The diffusible-indicator method of determining tissue blood flow was devised by Kety and his associates, 1-3who observed the washout of an intraarterially injected tracer from the tissue of interest, and found that it was proportional to tissue blood flow. Kety's original tracer was nitrous oxide, but he soon adapted his method to the use of 24Na. Other investigators developed Kety's method further, substituting 85Kr, and ultimately, 133Xe as diffusible indicators. It has been found that if 133Xe is injected directly into a coronary artery and its washout from myocardium is observed with a scintillation probe over the precordium, the resulting determination, mean myocardial blood flow, is of limited application. Since coronary artery disease is a regional process, the most useful determination is one that yields regional myocardial blood flow. This may be determined by one of the original Kety methods,3 i.e., observing the washout of tracer injected directly into the myocardium, but since it requires thoracotomy this method is not widely applicable. Several groups have assembled instrument systems based on the use of scintillation camera-computer combinations with which they can enter the image of the passage of a bolus of intracornoary arterially injected tracer, and by means of image data quantification derive regional myocardial blood flow values by Kety's method. The authors have studied more than 130 dogs before and after experimental coronary embolization and have described a complete method of deriving regional myocardial blood flows with an Anger camera-small computer system. Analysis of flow curves thus generated has suggested the existence of more than one compartment within myocardial blood flow. These compartments might be related to primary/collateral flow or to the volume of perfused tissue incorporated in the region of interest. Cannon et al.25-27 have employed a multicrystal camera of the autofluoroscope type and an IBM 360/91 computer, in which the camera functions as 294 isolated detectors for the purpose of identifying as many regions of myocardial blood flow. Cannon et al. have studied both normal human subjects and patients with radiographically demonstrable coronary artery disease and have found regional flow to be a valid method both for identifying the myocardial flow inhomogeneities expected with coronary artery disease and for evaluating the results of reparative surgery.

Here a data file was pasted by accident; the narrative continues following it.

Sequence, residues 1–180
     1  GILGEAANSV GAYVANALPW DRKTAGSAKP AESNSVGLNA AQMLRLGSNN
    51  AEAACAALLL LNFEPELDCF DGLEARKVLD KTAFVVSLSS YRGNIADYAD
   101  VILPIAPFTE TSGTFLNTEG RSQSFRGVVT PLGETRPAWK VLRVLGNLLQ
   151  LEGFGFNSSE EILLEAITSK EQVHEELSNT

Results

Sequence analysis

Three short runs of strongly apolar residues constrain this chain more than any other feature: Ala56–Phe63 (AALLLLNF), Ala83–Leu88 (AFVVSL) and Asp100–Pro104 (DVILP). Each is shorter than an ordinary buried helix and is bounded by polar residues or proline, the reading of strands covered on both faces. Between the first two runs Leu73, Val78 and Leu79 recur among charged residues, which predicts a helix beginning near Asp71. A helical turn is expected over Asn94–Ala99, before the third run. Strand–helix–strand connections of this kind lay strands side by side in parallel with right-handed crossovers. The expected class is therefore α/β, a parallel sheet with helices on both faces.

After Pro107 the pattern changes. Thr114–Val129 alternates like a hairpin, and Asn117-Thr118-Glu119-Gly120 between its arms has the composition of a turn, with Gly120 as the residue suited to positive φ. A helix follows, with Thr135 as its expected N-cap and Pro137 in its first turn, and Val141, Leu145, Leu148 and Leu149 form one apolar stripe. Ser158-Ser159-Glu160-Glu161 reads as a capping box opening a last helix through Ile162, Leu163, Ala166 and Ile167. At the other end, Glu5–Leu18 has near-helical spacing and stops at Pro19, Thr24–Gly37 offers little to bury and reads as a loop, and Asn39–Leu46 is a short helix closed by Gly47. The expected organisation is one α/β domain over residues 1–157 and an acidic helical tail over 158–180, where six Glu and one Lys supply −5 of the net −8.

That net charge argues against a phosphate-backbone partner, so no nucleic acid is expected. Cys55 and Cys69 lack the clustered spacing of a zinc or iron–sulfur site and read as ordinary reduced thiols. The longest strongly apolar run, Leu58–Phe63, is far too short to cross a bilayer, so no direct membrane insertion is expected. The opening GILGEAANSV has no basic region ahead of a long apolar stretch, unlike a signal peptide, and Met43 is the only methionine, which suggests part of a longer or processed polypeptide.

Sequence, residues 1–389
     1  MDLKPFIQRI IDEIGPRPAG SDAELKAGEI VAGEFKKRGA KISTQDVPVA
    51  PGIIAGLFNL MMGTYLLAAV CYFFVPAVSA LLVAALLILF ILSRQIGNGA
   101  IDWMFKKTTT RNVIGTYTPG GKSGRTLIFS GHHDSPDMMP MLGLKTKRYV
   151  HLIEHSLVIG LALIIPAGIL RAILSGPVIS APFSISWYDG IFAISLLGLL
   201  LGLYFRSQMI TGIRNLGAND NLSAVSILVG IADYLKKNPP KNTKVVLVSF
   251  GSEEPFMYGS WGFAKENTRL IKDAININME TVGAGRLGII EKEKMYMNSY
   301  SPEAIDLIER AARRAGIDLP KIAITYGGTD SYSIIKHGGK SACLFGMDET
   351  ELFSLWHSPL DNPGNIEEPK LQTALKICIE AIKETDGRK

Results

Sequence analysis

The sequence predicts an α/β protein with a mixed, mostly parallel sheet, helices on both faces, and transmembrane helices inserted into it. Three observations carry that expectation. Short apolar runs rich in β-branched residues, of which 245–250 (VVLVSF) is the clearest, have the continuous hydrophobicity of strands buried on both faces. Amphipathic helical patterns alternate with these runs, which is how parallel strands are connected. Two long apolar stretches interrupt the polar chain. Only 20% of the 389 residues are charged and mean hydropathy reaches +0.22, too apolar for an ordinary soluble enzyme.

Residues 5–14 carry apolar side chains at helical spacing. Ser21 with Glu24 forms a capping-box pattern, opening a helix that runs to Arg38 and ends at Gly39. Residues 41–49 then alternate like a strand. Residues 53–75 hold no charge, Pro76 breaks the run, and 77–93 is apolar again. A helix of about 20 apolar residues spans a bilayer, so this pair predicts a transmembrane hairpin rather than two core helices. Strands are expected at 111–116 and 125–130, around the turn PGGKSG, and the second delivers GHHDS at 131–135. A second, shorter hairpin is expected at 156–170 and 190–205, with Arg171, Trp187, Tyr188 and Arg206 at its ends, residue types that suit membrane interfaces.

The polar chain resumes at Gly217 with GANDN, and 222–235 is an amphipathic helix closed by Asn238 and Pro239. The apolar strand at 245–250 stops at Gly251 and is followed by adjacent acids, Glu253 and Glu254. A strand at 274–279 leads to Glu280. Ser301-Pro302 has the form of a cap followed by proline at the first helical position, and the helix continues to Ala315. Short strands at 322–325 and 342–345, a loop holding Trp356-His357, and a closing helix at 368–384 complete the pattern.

ASJC Scopus subject areas
- Radiology Nuclear Medicine and imaging